February 16th, 2009

2008 North Indian Ocean Tropical Cyclone Review

Posted at 12:45 AM ET

Dr. Rebecca Cheetham, Instrat®

Four named tropical cyclones developed in the North Indian Ocean basin in 2008. Of these, Cyclone Nargis became a Category 4 storm and caused major damage and loss of life when it made landfall in Myanmar.

Cyclone Nargis (April 27 - May 3, 2008)

Cyclone Nargis developed in the Bay of Bengal on April 27, 2008. Favorable atmospheric and oceanic conditions led to rapid intensification of the storm, which became a Category 4 cyclone on May 2, 2008 with maximum sustained winds of 135 mph (215 kmph).

Cyclone Nargis made landfall on May 2, 2008 in the Irrawaddy delta region in Myanmar as a Category 4 storm with maximum sustained winds of around 132 mph (213 kmph). After landfall, Nargis gradually weakened as it moved inland and tracked directly over Yangon, the largest city in Myanmar, as a Category 1 storm with sustained winds of around 80 mph (130 kmph). After passing over Yangon, the storm continued to weaken and became a tropical storm as it crossed the mountainous region to the east of the country.

Severe and widespread flooding occurred in areas around the landfall location, which was triggered as a result of torrential rainfall and an accompanying storm surge that affected the low-lying Irrawaddy delta region. The cities of Irrawaddy, Pegu and Yangon were all impacted as Nargis crossed Myanmar, with the city of Yangon (population of around 6 million) sustaining particularly severe damage. In addition to widespread destruction of buildings and infrastructure, there were tens of thousands of fatalities, making Nargis one of the worst humanitarian catastrophes of 2008.

According to recent reports, Cyclone Nargis is estimated to have claimed more that 135,000 lives in Myanmar, with 85,000 deaths officially confirmed and 54,000 people still missing. The storm surge associated with Nargis travelled as far as 25 miles (40 km) inland. The country was inundated with water around 11 feet (3.5 metres) deep and more than a million of Myanmar’s population were made homeless. Reports said hundreds of thousands of buildings were destroyed by the storm and the government of Myanmar has estimated the economic damage at about USD11 billion.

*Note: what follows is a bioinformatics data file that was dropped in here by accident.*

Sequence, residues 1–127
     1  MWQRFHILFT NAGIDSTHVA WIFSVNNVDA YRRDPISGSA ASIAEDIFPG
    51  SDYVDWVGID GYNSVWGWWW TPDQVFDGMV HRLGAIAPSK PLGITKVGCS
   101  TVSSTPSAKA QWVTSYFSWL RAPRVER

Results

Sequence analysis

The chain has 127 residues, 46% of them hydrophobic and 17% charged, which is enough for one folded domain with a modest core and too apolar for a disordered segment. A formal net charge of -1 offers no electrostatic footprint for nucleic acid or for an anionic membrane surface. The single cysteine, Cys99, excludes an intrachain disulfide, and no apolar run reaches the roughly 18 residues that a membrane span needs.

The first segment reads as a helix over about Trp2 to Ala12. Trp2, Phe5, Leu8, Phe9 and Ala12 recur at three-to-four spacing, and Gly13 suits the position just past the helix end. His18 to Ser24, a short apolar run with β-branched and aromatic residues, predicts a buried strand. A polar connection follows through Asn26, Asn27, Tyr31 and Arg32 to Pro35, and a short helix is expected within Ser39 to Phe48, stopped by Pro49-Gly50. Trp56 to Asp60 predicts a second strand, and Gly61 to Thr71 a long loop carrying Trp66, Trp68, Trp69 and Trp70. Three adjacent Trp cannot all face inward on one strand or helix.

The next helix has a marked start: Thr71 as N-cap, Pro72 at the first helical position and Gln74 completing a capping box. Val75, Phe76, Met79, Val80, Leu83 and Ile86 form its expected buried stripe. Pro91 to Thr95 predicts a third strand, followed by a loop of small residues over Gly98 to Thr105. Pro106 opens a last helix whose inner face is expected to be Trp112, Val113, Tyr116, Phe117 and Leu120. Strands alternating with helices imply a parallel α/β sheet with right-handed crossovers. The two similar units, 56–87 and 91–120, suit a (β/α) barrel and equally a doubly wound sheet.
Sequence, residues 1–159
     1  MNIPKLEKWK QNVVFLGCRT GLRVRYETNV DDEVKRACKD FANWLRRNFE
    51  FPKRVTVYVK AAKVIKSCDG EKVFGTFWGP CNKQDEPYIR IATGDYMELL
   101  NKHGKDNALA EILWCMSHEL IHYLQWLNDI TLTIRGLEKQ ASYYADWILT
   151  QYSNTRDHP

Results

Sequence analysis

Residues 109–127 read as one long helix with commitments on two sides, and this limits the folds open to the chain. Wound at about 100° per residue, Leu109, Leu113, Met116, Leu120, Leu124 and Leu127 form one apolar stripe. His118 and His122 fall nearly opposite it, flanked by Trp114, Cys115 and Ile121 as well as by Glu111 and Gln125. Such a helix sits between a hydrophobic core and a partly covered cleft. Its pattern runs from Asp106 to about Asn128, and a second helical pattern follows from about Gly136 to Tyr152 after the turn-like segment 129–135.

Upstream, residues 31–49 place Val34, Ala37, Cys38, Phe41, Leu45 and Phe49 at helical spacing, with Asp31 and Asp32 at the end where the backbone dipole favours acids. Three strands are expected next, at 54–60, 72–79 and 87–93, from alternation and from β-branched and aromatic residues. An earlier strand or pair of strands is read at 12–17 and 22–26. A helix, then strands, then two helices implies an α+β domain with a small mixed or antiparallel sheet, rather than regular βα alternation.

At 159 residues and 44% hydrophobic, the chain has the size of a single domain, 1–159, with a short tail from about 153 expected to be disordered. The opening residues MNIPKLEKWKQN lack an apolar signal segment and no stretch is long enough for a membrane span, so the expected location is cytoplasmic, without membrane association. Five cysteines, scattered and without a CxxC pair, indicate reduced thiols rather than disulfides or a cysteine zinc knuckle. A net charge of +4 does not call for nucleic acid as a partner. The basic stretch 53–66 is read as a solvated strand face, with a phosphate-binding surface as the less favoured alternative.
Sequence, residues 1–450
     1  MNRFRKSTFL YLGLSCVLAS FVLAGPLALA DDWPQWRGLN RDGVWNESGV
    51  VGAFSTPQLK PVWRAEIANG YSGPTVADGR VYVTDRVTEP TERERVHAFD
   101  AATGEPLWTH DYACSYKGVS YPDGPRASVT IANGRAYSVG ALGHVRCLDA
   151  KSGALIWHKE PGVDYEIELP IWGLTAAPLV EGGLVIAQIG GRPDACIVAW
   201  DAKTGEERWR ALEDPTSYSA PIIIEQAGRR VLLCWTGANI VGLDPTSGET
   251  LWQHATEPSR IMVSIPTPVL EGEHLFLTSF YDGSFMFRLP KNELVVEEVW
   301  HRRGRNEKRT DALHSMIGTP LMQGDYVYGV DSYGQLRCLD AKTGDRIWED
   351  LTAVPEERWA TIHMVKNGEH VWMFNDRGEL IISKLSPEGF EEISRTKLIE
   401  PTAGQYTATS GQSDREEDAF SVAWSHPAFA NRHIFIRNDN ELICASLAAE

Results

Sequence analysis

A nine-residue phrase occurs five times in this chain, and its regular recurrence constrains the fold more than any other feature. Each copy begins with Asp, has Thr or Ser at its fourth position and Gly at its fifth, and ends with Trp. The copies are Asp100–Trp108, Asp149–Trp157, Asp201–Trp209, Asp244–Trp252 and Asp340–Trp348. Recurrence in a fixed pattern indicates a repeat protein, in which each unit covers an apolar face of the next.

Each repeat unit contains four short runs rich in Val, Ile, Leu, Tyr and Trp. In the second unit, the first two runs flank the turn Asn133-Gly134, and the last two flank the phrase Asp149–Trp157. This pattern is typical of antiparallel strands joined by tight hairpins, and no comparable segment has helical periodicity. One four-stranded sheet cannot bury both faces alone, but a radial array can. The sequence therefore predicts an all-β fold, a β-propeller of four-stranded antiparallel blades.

Although Nargis was a huge humanitarian disaster, losses to the insurance industry were minimal due to very low insurance penetration in Myanmar.

Additional Contributor:

To receive future articles delivered directly to your inbox, register for e-mail updates.

Guy Carpenter’s Instrat® department provides CAT-i reports for major natural catastrophes worldwide. These reports cover catastrophes including worldwide tropical cyclones, earthquakes, major UK and European floods and any other natural event that is likely to incur a significant loss to the (re)insurance industry. Please email CAT.i@guycarp.com if you wish to be added to the free email distribution list.

Instrat also provides RISK-i reports for major technological or man-made events worldwide. These reports cover risks to property, transport and life including explosions, fires, crashes, engineering disasters and terrorist attacks that are likely to incur a significant loss to the (re)insurance industry. Please email RISK.i@guycarp.com if you wish to be added to the free email distribution list.

AddThis Feed Button
Bookmark and Share

Related Posts